“They offer the body quick forms of energy to help replenish glycogen stores that may have been depleted during a workout,” explains Karges. They are also full of fiber, which keeps our blood sugars stable and regulated. Always a plus!
As for what to add on top of the whole grain toast or cereal, you may want to skip the avocado toast and slather on some nut butter instead.
“Nut butter, such as peanut or almond butter, offers a boost of healthy fats and protein to promote muscle growth after a workout, as well as replenish energy stores and help regulate blood sugar,” explains Karges.
It’s not just great with grains either. Pair it with your favorite fresh fruits, such as banana or apple slices for a complete post-workout snack.
A good meal prep tip: Joanna Foley, RDN, says to keep frozen bags of cooked things like quinoa and brown rice (oatmeal, too) in the freezer so you can do a “quick heat and serve.”
Nope, it’s not a myth: Chocolate milk is actually good for your body after a workout, according to dietitians.
“Studies have found that the combination of carbs and protein in chocolate milk can help refuel muscles after exercising,” says Karges. “Chocolate milk is also a naturally rich source of electrolytes, which can help replenish the body with important nutrients that may have been lost through sweat.”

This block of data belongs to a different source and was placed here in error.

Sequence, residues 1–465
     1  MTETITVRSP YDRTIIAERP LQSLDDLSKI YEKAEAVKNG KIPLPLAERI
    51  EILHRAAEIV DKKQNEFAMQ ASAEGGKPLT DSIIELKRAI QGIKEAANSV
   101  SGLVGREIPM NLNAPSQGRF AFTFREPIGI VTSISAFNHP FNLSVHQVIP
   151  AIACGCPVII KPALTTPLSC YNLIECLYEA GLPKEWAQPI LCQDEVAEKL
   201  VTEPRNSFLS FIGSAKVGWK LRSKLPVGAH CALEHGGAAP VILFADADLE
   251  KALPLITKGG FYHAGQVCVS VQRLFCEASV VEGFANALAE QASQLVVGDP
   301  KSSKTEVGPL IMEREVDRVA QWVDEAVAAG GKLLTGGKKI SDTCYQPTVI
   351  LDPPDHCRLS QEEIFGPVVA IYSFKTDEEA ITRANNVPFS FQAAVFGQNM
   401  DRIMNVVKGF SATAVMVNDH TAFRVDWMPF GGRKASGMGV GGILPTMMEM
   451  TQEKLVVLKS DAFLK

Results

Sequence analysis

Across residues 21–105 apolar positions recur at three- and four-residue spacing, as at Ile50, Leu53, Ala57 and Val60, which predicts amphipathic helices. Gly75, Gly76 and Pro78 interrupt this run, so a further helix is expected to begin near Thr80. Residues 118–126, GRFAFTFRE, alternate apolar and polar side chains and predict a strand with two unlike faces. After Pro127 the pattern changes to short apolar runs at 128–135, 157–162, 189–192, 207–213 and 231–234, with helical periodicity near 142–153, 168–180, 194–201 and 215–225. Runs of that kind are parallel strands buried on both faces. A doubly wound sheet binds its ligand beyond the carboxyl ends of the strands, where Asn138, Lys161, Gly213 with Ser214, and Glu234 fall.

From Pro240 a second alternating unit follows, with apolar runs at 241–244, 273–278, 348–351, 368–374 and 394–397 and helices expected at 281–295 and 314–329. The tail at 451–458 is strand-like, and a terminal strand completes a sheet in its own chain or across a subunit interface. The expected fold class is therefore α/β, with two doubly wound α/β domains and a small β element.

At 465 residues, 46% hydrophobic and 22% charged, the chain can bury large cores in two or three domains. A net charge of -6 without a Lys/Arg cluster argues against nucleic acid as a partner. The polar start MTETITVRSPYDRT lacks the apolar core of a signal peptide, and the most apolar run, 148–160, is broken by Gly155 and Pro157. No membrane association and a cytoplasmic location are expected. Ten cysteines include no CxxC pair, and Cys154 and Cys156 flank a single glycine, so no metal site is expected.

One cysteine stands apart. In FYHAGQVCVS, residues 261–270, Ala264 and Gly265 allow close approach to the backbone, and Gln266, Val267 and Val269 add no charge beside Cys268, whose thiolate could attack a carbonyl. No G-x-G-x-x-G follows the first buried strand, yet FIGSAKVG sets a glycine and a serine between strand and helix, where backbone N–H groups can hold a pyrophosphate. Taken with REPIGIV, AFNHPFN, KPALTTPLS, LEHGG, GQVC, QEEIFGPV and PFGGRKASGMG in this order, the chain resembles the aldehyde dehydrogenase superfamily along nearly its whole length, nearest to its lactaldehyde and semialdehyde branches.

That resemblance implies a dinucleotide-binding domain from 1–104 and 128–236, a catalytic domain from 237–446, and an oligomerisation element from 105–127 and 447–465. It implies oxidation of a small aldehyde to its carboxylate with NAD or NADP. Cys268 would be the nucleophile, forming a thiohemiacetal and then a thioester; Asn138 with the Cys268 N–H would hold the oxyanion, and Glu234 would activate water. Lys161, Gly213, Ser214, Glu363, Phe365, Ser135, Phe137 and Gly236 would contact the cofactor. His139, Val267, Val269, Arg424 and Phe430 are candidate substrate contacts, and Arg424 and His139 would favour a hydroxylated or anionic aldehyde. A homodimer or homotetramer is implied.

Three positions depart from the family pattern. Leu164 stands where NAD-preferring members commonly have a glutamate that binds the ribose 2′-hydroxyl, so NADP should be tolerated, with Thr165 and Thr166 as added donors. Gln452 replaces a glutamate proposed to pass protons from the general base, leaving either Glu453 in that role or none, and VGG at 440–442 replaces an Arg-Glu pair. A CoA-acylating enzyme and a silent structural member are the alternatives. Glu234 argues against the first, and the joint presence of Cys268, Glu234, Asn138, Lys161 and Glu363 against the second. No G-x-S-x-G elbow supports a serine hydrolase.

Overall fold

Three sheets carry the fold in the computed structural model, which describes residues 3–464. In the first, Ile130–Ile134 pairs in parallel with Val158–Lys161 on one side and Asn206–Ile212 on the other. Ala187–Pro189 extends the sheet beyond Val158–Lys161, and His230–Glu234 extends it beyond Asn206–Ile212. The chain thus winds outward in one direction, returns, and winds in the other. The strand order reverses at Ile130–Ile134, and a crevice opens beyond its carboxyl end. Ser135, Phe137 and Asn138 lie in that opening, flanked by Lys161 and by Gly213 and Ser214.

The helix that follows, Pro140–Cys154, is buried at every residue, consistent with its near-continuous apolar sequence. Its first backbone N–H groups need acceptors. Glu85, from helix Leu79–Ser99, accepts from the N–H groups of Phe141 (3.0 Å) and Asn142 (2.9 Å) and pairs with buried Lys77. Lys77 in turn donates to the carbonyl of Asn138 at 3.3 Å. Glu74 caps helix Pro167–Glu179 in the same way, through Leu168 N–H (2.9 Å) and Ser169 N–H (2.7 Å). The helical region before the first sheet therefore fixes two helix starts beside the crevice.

If you don’t do dairy, don’t sweat it. You can still drink up the benefits by using a milk alternative, says Kozimor-Perrin. This could mean adding cacao powder to a non-dairy drink or even guzzling down a chocolate-flavored protein drink. We recommend adding our Dark Chocolate & Coconut Water Collagen Whey or Dark Chocolate Blackberry Collagen Peptides to your post-workout shake.
When it comes to nutritional benefits, Greek yogurt is on par with chocolate milk.
“It offers the same kind of macronutrients that will help replenish muscles after intense exercise, including carbohydrates and protein,” explains Karges. “The protein and carbs in Greek yogurt can also help restore glycogen stores in the body post-workout.”